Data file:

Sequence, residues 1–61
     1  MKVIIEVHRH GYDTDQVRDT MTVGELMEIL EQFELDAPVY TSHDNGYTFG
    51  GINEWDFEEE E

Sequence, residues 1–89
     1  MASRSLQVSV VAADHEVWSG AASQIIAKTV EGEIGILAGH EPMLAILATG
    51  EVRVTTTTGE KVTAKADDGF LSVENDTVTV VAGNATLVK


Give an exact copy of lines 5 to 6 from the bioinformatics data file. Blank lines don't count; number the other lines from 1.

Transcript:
     1  MASRSLQVSV VAADHEVWSG AASQIIAKTV EGEIGILAGH EPMLAILATG
    51  EVRVTTTTGE KVTAKADDGF LSVENDTVTV VAGNATLVK